Radar technology is widely used in industry. With its help, production plants and machines can be monitored and controlled more efficiently. For example, radars or radar technology are used for level and wear measurements, but also for measuring layer thicknesses as well as distance and dimension measurements. To ensure that radar-based measuring instruments deliver unambiguous and reliable information, the frequency and bandwidth must be optimally matched. The challenge here is that the radar must always deliver reliable results, even under difficult or changing conditions.
How does a radar work?
The operation of a radar is quite simple to explain. A radar is normally a transmitter (antenna) and receiver (sensor) in one. The antenna emits pulses in the form of electromagnetic waves. When these hit an object, they are reflected and returned as an echo. These reflected waves are picked up and evaluated by the transmitter: Based on the echo, conclusions can be drawn about the distance or the size of the object, for example. The more sophisticated the radar technology, the more comprehensive the information that can be obtained with the help of this measurement technology. State-of-the-art radar scanners are even able to measure through optical obstacles. This is particularly important in industry: innovative radar technology enables level measurement even through packaging, while distance meters work reliably even in the presence of smoke, dust or other visual obstructions. To achieve the best possible spatial resolution and measurement results, the microwave frequency and bandwidth must be as high as possible. Systems that can be individually adapted to the specific task parameters have therefore proved particularly successful.
Where is Radar technology used?
Outside the industrial sector, radar technology is used primarily in shipping and aviation. In industry, radars come in various forms and areas of application. Level measurement with the aid of radar technology is particularly well known: here, the measuring instrument emits electromagnetic waves and is reflected back by the medium (solid or liquid). Based on the echo, the instrument then determines the distance from the sensor to the product and can thus indicate the actual level. Another prominent area of application for radar technology concerns safety in the cooperation between man and machine: wherever industrial robots and humans meet without barriers, potential safety hazards arise. Radar monitoring can even register moving objects and precisely locate them in space by means of precise distance measurement. Safety functions of machines coupled to these radar devices can help to consistently prevent accidents. Other areas in which radar technology or radar measurements are used are: Locating defective areas or foreign objects in products, wear measurements, measuring workpieces, layer thickness measurement, weld seam inspection and much more.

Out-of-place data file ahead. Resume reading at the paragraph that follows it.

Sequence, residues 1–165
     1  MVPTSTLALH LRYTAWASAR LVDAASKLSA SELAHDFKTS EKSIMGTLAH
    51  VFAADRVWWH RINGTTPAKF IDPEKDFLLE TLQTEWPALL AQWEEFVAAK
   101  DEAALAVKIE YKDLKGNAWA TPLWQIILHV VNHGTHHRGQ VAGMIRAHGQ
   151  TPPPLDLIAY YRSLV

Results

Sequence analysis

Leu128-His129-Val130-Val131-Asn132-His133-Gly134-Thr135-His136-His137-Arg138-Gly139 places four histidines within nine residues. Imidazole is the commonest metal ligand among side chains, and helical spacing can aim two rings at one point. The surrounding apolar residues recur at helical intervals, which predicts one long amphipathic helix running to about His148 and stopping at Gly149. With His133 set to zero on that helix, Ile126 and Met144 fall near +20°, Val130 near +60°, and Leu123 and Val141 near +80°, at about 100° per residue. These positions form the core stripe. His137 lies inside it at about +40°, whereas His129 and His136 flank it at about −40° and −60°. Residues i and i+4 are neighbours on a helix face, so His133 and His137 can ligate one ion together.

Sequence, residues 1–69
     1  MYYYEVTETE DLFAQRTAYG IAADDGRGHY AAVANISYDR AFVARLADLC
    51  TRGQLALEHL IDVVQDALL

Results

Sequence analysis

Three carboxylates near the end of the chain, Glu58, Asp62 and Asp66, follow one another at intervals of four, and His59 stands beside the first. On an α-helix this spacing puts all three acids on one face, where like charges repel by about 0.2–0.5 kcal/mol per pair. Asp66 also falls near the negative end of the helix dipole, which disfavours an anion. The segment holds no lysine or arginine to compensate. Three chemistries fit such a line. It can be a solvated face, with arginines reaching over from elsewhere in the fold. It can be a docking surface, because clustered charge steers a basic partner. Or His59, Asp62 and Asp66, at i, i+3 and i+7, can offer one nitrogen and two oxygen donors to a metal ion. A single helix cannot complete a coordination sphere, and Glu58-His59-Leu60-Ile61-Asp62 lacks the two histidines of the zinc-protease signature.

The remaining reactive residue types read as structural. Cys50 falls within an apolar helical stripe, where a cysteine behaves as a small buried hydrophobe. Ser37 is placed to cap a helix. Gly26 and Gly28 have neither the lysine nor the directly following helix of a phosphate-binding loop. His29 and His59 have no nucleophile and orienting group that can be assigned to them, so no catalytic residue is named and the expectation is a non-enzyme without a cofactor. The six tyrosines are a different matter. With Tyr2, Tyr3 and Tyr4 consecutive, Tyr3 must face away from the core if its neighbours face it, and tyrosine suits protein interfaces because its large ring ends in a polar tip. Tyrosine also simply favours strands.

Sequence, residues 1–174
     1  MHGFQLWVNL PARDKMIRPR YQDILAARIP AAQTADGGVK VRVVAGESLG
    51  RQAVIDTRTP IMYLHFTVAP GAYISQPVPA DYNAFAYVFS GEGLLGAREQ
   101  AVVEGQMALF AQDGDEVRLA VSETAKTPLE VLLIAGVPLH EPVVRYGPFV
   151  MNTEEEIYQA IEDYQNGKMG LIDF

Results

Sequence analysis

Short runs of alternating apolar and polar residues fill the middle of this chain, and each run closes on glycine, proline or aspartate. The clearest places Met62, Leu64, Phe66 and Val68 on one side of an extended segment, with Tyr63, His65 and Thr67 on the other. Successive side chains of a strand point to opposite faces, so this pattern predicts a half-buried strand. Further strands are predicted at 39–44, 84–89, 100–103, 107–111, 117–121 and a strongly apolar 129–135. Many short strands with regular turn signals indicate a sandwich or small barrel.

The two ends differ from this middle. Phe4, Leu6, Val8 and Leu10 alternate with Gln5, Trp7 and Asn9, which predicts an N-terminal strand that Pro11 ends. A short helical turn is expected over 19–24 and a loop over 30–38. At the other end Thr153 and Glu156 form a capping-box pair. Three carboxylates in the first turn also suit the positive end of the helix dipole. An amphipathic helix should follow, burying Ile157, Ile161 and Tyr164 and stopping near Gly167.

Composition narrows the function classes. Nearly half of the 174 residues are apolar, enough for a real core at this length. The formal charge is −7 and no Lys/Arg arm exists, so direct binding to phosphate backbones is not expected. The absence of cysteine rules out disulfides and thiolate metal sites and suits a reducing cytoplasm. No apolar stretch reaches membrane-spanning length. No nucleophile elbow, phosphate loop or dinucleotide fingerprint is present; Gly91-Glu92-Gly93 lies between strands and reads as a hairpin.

Advantages and disadvantages of radar measurements
Radar measurements can only deliver reliable results if they are adapted to the intended tasks. For this reason, the acquisition costs for radar measuring devices are sometimes higher than those of other non-contact measuring technologies. However, compared to optical sensors, such as laser scanners, radar technology has the distinct advantage that it also works under difficult visibility conditions. Particularly in the industrial sector, where dust, smoke and the like are the order of the day, radar measuring devices produce significantly more reliable results. Further advantages: Compared to other measuring methods, such as X-ray, radar technology is completely harmless to health, requires very little maintenance and is uncomplicated to operate.